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BWW Review: Head Trick Theatre's Riveting WATCH ON THE RHINE at AS220

BWW Review: Head Trick Theatre's Riveting WATCH ON THE RHINE at AS220

Head Trick Theatre continues to perform thought-provoking, timely productions with their latest piece, Lillian Hellman's 1941 play, WATCH ON THE RHINE.

The year is 1940, and Sara Müller is returning home for the first time in 20 years after living abroad in Europe with her husband, Kurt, and three children. They are greeted not only by her mother, Fanny, and brother David, but also the two other houseguests who have been boarding with the family, the impoverished Romanian count Teck de Brancovis and his wife Marthe. But Watch on the Rhine is much more than a family living room drama; rather, the drama revolves around Kurt, an anti-Fascist activist, and what occurs when Teck discovers more about his true identity and activities back in Europe.

The play is long enough to warrant two ten-minute intermissions, but as directed by Rebecca Maxfield, this production is so thoroughly engrossing that the time flies by. The Black Box Theatre in AS220 has been made into a completely open space, maximizing the area available to the actors, without so much as a curtain blocking off any of the areas. Even the area immediately outside the exit door, on the sidewalk, is put to creative use. The audience seating is divided up between either side of the stage area, with an array of blankets and pillows liberally distributed throughout - and which audience members are fully encouraged to use (a blanket was indeed welcome on a chilly Saturday afternoon). The closeness of the audience to the action makes one feel as though they're truly part of the scene, that they are also a guest at the Farrelly's country house, and this immersion adds to the visceral and very intense moments of the play.

The acting is incredibly strong, the interactions between the various family members (or otherwise) so natural, combined with the close proximity lends the show an almost cinematic feel. It's difficult to pick out any particular stand outs, as the entire cast is excellent. As Fanny Farrelly, the family matriarch, Paula Faber is slightly affected but extremely appropriate for a character such as this. Charles Lafond appears to have a delectable time as the nefarious count, the tension palpable during scenes between him and several of the other characters, most notably his wife Marthe (Christine Pavao), David Farrelly (Ian Hudgins), and of course Kurt Müller (Andrew Stigler). Stigler, as the German anti-fascist on the run, attempting to secure a place for his family, plays the role with gravitas, conviction, and a consistently spot-on accent. (Accents are required of numerous characters, and were well-done by all - not always an easy feat!)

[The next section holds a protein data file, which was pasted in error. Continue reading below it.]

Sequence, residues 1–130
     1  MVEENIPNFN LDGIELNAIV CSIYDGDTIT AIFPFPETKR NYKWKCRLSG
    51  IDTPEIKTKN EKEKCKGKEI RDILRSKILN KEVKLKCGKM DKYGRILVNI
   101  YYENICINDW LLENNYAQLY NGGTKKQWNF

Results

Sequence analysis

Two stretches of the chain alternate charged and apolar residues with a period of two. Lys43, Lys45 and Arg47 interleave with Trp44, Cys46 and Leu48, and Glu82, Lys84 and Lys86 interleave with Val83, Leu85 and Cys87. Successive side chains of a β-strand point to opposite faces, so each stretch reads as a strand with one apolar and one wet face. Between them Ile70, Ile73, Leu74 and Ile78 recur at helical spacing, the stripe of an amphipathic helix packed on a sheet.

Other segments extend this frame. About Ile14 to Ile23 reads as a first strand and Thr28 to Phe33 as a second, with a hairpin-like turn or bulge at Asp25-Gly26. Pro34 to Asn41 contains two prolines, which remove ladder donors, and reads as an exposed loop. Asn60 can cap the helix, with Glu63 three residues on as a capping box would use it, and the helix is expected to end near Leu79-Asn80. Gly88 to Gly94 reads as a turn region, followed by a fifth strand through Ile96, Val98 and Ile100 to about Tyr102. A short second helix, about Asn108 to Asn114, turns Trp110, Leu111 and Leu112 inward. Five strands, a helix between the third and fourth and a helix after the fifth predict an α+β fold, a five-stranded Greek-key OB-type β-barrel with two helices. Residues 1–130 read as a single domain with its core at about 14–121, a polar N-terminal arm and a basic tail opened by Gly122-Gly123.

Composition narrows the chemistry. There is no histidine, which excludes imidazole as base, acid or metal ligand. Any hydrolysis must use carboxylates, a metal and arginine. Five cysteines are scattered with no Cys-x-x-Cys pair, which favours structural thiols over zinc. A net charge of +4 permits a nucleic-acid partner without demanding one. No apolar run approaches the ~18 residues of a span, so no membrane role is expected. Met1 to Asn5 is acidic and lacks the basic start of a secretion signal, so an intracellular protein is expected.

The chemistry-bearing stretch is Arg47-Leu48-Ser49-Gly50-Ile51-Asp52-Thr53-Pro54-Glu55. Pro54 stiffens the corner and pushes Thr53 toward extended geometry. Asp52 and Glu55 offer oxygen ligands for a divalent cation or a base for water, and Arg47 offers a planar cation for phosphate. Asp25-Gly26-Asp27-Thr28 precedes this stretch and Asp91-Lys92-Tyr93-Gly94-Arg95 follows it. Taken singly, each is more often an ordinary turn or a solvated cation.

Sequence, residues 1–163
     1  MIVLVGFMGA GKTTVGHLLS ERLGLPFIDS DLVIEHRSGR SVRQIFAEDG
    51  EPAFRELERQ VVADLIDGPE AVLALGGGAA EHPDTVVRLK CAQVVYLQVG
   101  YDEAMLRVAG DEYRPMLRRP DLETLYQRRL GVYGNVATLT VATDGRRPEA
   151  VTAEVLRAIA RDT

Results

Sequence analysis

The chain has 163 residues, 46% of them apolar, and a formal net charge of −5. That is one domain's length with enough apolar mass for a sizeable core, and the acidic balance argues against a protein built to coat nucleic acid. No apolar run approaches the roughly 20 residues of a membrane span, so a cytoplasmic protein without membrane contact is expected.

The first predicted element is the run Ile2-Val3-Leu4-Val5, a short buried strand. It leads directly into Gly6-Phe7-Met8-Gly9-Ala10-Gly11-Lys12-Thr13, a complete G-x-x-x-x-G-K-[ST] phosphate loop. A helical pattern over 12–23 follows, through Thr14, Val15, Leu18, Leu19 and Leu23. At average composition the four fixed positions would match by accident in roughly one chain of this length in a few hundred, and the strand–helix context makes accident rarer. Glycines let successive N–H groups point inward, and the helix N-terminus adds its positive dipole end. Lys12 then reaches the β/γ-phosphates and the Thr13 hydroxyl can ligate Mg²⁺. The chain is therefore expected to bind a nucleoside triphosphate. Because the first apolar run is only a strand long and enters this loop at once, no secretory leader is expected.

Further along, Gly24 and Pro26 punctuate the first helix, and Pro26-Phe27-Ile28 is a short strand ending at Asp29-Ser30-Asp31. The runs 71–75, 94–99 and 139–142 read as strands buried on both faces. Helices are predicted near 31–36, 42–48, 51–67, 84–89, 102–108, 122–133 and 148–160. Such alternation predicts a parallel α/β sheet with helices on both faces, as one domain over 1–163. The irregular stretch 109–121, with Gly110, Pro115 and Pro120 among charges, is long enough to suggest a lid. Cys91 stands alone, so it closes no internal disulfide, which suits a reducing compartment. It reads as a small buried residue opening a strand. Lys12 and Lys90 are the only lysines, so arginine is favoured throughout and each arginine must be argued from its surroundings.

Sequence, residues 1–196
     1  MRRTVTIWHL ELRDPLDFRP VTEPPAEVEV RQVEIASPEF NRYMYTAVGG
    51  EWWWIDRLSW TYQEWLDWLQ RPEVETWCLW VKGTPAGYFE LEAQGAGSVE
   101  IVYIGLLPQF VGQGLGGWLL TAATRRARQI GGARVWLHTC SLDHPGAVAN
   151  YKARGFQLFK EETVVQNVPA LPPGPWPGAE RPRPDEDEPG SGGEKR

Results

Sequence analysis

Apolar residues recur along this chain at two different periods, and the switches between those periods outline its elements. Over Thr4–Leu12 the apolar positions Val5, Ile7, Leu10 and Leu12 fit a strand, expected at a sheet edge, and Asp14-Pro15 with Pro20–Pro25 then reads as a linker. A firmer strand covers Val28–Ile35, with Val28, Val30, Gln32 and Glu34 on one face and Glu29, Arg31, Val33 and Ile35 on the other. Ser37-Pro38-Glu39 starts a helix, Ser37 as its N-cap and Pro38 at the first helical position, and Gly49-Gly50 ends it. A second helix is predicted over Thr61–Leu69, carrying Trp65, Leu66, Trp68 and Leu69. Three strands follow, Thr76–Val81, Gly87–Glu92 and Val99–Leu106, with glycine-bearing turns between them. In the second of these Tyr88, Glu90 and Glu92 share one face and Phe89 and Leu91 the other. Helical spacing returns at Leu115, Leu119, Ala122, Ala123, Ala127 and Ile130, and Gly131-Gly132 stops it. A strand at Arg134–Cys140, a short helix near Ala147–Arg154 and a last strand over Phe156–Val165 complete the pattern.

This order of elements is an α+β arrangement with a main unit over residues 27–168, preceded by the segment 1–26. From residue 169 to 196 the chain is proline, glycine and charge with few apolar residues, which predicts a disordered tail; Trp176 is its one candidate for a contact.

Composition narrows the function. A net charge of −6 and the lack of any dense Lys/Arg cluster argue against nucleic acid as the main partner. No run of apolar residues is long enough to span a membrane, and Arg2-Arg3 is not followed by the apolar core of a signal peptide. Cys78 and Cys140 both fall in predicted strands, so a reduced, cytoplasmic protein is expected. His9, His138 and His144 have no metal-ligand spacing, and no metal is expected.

While this play originally opened several months before the attack on Pearl Harbor and thus the United States' involvement in World War II, Lillian Hellman was an ardent Leftist disturbed by this country's unwillingness to act against the rise of fascism in Europe. Hellman was targeted by the House Un-American Activities Committee , which resulted in her being blacklisted by the film industry, although she continued to have a career as a playwright on Broadway and alter as a memoirist. Hellman's character Kurt hopes that his actions and those of the other anti-fascists will lead to a world that is safe for not just his children, but all children everywhere, likely mirroring her own, personal beliefs. One wonders what Hellman would think about the current political climate, and that even in the year 2018, the themes of fascism and anti-fascists are as relevant as ever before.

Watch on the Rhine plays at AS220's Black Box Theatre through October 21st, with performances on Thursday, Friday, and Saturday nights at 8pm and matinees on Saturday and Sunday at 2pm. Tickets are $20 and can be ordered online at or at the door. Thursday night is "Pay What You Can," and tickets are free with a Brown or RISD student ID for any performance.

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